Your rental property investment needs tending, from keeping up with repairs to ensuring you get paid on time. If your current property management company isn’t giving your investment the attention it deserves, it’s time to shop for a new manager.
Why Change Managers?
Consider a change when your current property management company isn’t providing all the services you need or its performance raises red flags.
This Realtor.com checklist shows what you should be getting from a property manager:
- Set rates based on expertise in the local market.
- Market your cabin across major online booking platforms.
- Deal with bookings and payments.
- Handle cleaning and maintenance, including emergencies.
- Track your cabin’s financial performance.
- Provide tax information.
If these red flags pop up, it’s time to reconsider:
- Your rental isn’t attracting enough guests.
- The management company doesn’t adjust rental rates to reflect the local market.
- You aren’t getting full service, including marketing, booking, cleaning, and maintenance.
- Your manager sticks you with hidden charges like credit card fees.
Do Your Homework
What does your current contract say about the owner’s grounds for termination? Would it be simpler to let the current contract expire, or do you need to end the relationship sooner? Has the management company failed to live up to specifics in the contract?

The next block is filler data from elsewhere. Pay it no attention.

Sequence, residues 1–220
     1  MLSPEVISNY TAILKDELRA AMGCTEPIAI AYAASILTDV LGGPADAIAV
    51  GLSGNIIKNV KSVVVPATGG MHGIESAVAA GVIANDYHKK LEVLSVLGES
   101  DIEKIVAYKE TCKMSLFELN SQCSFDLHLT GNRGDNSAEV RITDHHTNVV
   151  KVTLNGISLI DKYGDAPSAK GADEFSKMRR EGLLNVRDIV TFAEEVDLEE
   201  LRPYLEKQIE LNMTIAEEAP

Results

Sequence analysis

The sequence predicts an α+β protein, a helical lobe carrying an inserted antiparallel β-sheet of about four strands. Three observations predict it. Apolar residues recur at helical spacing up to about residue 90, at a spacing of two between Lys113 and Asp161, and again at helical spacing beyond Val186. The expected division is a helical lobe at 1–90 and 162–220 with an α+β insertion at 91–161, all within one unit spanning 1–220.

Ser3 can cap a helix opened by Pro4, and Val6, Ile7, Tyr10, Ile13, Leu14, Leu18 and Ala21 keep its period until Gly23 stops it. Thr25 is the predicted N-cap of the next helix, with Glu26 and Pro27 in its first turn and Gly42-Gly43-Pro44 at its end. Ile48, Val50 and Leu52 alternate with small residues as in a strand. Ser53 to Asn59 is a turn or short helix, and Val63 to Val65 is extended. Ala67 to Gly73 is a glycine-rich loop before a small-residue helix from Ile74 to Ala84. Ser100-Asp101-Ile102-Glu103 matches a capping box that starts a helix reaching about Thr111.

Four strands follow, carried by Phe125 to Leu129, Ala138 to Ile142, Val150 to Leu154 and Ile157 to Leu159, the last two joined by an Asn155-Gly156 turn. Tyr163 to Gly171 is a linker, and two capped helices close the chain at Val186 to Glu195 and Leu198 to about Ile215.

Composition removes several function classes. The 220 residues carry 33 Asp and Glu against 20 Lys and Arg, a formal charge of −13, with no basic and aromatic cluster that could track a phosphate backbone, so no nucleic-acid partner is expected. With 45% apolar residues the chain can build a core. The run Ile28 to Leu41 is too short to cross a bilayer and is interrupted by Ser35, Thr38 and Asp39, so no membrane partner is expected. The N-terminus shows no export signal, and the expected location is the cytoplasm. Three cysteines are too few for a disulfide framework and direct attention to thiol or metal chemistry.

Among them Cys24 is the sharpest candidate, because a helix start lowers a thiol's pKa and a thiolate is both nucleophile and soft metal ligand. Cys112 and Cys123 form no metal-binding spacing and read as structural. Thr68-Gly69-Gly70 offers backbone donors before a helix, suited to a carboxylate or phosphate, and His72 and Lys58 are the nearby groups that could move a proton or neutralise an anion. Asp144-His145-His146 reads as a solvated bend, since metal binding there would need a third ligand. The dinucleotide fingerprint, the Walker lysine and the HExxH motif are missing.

Write down your reasons for a change and list specific examples. Decide whether you want to work out solutions with your current company or find a new one.
Find a New Property Manager
Take three steps to find a new cabin rental management company:
- Know what you want. More guests over more nights? A different fee structure? Greater flexibility in using your cabin when you want? Make a list of what you’re seeking.
- Research management companies. Talk to owners of neighboring rental cabins. Ask a real estate agent for recommendations. Check out online reviews.
- Interview the candidates. Don’t wing it. Prepare questions and ask frankly about hidden fees, contract length, limits on owner use, and other details.
End the Old Business Relationship
When you’ve found your new manager, write a termination letter. Include information about the new manager so the two firms can communicate. Find out if you need to alter any information with local or state licensing agencies.